Terra Cooper, 16, has a port-wine stain birthmark that pretty much covers the entire right side of her face. Her father, an emotionally abusive man, has always scorned her for being ugly. He also laughs at her art collages, undermining her confidence in something that means a great deal to her. He is a cartographer, can’t tolerate imperfection, and tries to make his family fit into the rigid lines with which he has circumscribed his life.
Her mother Lois, likewise reviled by Terra’s father – in her case for having gained weight, keeps scheduling Terra for surgeries to try to fix her face, in part to placate the father. Terra and her mom have both internalized the constant criticisms. Terra has a veritable make-up shop in her room to help disguise her face for the times when she can’t swing her long hair over her face. Lois takes her comfort in the very activity that drives her husband’s cruel remarks; she eats and eats to fill the void in her life.
While Lois is driving Terra back from yet another unsuccessful treatment on her face, they hit some black ice at a rest area, and slam into a Range Rover, almost killing the boy standing outside of it. Thus they meet the incredibly nice Norah Fremont and her son Jacob, whom she adopted from China when he was a toddler, unwanted because of a cleft palate, and since repaired. Jacob, with his scar and his blonde mom, gets stared at a lot just as does Terra, but Jacob responds in the opposite way from Terra: he sports an attention-getting Goth look, and stares right back with a big smile at those who gawk at him.
Unlike most books about teens, while this book does have a romance, and even a triangle of sorts, the focus is on the main protagonist and her relationship with herself, and with her parents, both of whom affect how Terra feels about herself in different ways. At the beginning of the story, Terra sees her mother from her father’s eyes, as a cringing subservient woman who eats too much, and kowtows excessively to her husband’s vicious moods. Yet, in spite of her contempt (albeit mixed with compassion), Terra feels she must stay around and protect her mother, unlike her two older brothers, who moved as far away as they could as soon as they could.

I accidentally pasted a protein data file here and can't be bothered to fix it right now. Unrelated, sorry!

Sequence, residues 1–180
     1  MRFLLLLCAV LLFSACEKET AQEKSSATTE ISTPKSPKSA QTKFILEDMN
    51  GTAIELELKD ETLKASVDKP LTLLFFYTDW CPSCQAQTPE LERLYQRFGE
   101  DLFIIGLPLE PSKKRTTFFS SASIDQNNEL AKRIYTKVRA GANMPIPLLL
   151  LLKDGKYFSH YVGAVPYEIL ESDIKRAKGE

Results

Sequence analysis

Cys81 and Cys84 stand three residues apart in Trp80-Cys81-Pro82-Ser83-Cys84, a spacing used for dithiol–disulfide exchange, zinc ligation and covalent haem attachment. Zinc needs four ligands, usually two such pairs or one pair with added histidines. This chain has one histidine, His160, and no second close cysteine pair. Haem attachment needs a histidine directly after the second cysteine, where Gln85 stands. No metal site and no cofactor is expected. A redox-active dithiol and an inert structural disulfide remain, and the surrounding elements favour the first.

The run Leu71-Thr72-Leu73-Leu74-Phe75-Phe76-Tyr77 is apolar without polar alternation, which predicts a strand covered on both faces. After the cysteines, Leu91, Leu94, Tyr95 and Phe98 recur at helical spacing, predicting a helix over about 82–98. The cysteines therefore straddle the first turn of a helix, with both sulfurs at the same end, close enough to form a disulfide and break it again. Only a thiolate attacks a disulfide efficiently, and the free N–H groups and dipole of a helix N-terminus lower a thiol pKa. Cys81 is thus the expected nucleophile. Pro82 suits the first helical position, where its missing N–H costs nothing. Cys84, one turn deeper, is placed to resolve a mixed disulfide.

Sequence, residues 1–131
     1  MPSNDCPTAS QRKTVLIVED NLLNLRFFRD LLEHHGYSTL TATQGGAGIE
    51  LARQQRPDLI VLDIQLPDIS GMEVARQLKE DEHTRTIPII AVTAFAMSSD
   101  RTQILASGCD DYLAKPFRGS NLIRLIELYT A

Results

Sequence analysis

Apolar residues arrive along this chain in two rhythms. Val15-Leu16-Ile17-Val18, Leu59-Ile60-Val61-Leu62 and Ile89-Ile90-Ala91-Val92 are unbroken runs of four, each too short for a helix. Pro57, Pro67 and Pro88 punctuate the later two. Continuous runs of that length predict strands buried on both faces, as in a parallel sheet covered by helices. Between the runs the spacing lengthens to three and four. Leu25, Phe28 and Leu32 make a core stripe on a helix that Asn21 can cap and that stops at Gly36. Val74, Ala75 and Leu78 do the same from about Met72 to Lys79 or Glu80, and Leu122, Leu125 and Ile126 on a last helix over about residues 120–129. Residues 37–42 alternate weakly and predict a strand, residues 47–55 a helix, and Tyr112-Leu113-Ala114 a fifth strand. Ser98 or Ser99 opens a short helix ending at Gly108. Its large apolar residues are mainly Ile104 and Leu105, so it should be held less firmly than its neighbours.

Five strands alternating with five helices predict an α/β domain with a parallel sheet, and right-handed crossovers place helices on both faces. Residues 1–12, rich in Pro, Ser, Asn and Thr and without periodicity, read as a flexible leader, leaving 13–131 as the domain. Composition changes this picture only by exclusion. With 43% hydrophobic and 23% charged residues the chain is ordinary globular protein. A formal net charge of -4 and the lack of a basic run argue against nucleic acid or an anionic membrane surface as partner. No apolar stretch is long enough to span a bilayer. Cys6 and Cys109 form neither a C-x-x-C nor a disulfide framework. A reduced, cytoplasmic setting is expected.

One of Terra’s brothers, Merc, is now in China, and after a disastrous attempt at a visit from him during Thanksgiving, he sends Terra and their mom a ticket to come visit him. They can’t imagine going, until Norah says she and Jacob will go with them; Norah has always meant to visit Jacob’s orphanage to try to track down his birth mother.
The journey is life-changing for all of them, as they all learn lessons about love and beauty and what really matters in life.
Discussion: This remarkable story grows on you after you have finished and you find you are still thinking about it. It was hard to read because of the horrific abusiveness of the father, but this made the family’s struggles against his influence all the more poignant and significant. And although it has an ending that is hopeful for some of the characters, it is realistic enough not to be totally positive in every way for everyone. Nevertheless, enough good develops to make you want to cheer for the advances, and to bring out the kleenex.
Published by Little, Brown and Company, a member of the Hachette Book Group, 2009